Urging the Non-Aligned Movement (NAM) to reject extremes and be the voice of "moderation, harmony and reason", Prime Minister Manmohan Singh on Friday said it should deal with urgent transnational issues like terrorism, pandemics, energy security and environment.
In his address on the first day of the two-day NAM summit in Havana, Manmohan Singh rejected the oft-quoted Western notion of a 'clash of civilisations' and said NAM should "play the role of a bridge of understanding" and work instead towards a "confluence of civilisations".
He said for NAM to remain relevant it could not equivocate on terrorism.
"A message must emanate from us that we are united in our desire to fight and eliminate the scourge of terrorism. We cannot allow the forces of intolerance and extremism to distract the world's attention from the vital concerns of our people - the problems of poverty, ignorance and disease," the prime minister said, addressing leaders and delegates from 118 nations at the International Convention Center overlooking the vast Atlantic Ocean.
He said the world was being split along an artificially created cultural and religious divide and the NAM, encompassing as it does "every religion professed by mankind", was uniquely placed "to play the role of a bridge of understanding".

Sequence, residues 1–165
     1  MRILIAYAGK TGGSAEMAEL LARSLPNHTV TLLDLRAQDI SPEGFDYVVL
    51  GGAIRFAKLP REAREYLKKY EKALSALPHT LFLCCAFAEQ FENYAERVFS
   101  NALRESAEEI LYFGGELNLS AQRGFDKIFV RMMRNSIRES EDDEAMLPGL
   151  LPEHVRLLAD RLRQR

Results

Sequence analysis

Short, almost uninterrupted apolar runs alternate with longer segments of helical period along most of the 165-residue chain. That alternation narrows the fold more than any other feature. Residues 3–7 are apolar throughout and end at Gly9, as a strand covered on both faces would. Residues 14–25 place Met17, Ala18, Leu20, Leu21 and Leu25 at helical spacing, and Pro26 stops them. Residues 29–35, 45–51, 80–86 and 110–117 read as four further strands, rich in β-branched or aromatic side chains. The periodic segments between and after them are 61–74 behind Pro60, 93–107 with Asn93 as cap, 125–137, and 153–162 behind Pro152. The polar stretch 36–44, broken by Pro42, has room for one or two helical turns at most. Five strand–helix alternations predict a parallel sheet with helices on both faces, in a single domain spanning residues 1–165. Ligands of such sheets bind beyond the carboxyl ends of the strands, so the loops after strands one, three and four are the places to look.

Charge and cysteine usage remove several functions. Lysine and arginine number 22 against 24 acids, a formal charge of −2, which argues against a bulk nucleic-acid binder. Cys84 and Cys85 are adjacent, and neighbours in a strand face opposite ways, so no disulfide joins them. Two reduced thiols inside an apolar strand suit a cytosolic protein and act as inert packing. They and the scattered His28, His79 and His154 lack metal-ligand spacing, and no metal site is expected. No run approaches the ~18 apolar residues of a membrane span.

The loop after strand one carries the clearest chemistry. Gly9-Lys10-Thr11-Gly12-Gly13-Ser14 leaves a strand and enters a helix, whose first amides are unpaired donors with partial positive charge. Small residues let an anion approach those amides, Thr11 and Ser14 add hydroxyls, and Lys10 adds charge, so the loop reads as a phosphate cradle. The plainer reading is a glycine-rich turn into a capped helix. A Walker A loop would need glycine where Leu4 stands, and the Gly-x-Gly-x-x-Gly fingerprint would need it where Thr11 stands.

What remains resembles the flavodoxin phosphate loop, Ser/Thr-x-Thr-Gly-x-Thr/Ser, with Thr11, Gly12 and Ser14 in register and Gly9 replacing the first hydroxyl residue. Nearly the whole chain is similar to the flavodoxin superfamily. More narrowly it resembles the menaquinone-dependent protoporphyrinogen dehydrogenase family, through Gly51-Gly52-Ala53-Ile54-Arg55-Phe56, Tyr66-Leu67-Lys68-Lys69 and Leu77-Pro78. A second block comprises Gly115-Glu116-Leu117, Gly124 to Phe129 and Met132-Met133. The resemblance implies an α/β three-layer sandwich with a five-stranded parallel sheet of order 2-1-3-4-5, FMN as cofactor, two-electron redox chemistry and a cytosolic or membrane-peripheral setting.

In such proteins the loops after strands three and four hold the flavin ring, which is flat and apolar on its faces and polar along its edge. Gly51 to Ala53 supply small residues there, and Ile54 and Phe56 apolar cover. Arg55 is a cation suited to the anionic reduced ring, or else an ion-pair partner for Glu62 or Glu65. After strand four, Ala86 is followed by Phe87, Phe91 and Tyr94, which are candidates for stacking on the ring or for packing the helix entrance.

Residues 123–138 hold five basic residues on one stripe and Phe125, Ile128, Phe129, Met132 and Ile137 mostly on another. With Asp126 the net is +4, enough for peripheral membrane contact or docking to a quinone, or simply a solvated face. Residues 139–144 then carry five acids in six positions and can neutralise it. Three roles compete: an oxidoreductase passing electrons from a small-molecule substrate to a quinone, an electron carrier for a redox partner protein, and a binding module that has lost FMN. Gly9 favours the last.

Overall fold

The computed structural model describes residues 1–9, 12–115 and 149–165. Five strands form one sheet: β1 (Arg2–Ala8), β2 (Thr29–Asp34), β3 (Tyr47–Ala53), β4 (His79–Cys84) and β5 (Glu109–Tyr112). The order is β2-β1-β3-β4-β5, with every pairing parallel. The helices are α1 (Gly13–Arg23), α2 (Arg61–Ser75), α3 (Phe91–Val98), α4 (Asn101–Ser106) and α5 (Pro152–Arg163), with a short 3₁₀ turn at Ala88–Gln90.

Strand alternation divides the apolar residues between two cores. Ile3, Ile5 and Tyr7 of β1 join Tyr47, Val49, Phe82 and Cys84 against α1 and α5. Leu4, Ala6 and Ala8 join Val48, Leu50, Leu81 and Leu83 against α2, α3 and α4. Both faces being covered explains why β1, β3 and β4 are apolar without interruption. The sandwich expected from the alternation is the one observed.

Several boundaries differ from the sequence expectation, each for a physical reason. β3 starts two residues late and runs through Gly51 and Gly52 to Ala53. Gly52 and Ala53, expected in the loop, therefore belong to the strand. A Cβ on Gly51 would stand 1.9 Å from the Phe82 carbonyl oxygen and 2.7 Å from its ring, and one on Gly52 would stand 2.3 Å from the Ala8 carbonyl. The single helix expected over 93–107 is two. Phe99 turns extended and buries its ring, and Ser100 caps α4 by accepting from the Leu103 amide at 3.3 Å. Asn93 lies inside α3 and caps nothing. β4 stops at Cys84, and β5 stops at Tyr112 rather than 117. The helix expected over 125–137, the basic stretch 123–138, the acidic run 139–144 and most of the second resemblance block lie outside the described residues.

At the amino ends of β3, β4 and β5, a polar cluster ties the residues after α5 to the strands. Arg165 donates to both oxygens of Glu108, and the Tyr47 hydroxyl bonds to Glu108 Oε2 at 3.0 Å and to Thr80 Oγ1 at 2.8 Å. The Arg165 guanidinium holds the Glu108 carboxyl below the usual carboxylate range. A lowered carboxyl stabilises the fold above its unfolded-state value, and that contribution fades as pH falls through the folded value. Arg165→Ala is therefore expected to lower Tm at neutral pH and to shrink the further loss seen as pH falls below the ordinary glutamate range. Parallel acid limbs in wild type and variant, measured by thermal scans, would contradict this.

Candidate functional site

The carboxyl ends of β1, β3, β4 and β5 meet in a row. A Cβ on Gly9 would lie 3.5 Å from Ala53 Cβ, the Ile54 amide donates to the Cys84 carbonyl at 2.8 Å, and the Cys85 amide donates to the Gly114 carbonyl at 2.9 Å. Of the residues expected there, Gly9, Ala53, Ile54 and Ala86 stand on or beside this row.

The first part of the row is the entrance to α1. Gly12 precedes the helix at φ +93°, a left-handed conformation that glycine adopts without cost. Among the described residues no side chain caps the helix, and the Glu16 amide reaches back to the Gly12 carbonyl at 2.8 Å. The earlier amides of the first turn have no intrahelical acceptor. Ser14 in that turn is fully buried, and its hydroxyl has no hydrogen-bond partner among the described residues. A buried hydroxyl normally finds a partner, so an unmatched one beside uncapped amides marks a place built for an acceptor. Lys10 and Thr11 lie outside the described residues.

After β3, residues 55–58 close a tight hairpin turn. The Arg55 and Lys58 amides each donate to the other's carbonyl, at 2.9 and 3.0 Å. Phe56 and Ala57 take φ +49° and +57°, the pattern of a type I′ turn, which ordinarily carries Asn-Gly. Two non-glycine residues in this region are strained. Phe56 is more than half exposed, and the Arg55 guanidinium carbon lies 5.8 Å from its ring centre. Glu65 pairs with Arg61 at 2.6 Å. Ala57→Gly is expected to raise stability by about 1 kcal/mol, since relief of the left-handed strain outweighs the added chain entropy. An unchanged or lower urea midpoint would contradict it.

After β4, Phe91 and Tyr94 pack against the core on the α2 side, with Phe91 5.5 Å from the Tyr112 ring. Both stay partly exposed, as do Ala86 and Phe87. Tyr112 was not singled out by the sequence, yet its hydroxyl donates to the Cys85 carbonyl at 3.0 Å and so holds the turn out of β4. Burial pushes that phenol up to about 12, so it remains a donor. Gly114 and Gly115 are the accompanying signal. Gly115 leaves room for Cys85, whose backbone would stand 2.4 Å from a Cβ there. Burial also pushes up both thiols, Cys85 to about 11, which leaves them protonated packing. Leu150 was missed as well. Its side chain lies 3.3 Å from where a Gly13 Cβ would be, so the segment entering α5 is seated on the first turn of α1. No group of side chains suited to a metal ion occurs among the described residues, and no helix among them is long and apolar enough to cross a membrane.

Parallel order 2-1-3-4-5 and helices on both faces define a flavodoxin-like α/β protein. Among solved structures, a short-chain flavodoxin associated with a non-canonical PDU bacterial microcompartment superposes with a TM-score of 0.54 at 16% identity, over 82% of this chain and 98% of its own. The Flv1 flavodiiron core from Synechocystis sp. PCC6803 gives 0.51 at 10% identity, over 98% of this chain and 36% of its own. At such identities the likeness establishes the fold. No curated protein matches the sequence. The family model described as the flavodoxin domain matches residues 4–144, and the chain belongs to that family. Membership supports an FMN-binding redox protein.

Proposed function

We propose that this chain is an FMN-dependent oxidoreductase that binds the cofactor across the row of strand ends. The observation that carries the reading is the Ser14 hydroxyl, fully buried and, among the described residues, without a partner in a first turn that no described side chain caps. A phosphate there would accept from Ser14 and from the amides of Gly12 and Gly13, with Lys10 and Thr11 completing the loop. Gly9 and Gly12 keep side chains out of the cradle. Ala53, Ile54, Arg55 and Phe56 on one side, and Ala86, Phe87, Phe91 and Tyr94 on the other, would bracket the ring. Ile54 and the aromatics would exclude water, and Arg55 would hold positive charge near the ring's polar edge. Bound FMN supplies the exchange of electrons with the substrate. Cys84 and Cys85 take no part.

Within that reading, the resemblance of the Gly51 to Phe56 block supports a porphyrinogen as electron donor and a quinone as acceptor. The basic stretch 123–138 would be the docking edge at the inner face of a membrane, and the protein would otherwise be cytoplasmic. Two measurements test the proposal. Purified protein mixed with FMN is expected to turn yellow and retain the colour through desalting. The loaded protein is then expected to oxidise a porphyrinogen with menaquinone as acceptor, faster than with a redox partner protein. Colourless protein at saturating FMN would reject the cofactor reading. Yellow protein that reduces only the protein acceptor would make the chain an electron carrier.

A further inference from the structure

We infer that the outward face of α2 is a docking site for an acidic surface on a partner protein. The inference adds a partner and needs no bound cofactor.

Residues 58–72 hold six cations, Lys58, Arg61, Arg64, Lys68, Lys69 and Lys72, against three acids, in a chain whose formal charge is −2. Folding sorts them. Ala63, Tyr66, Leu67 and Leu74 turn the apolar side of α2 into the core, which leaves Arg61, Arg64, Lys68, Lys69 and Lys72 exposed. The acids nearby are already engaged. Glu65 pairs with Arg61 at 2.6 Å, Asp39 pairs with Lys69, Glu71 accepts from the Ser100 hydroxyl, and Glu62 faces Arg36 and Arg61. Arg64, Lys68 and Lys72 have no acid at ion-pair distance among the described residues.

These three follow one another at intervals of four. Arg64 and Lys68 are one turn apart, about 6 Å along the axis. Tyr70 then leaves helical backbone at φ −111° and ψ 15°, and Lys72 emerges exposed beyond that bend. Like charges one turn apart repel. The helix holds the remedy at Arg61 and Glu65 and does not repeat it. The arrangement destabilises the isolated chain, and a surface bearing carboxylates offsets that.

Among other things, Manmohan Singh, called for:
* Constitution of a high-level NAM group for West Asia that would promote understanding in the Middle East and promote implementation of the agreed roadmap to peace;
* Work towards efforts to achieve universal nuclear disarmament and a world free of nuclear weapons as enshrined in the 1988 Rajiv Gandhi Action Plan for Nuclear Disarmament;
* Establish a NAM Working Group on Energy to draw up an action plan for energy security for member nations. India can coordinate the action of such a group;
* Take a major NAM initiative on Africa to pool assets for investment in the future of Africa, particularly focussing on human resource and agricultural development.
Manmohan Singh said NAM should spread the message of Mahatma Gandhi, the apostle of peace.
"If we wish to revitalise the Non-Aligned Movement, the collective message of our summit must be seen as being central to the success of global efforts to deal with urgent trans-national issues-be it terrorism, pandemics, energy security or the environment.
"As a group we have rejected extremes....Our voice must then be one of moderation, harmony and reason. If such is the voice of more than half of the people of the world, it will prevail," the prime minister concluded.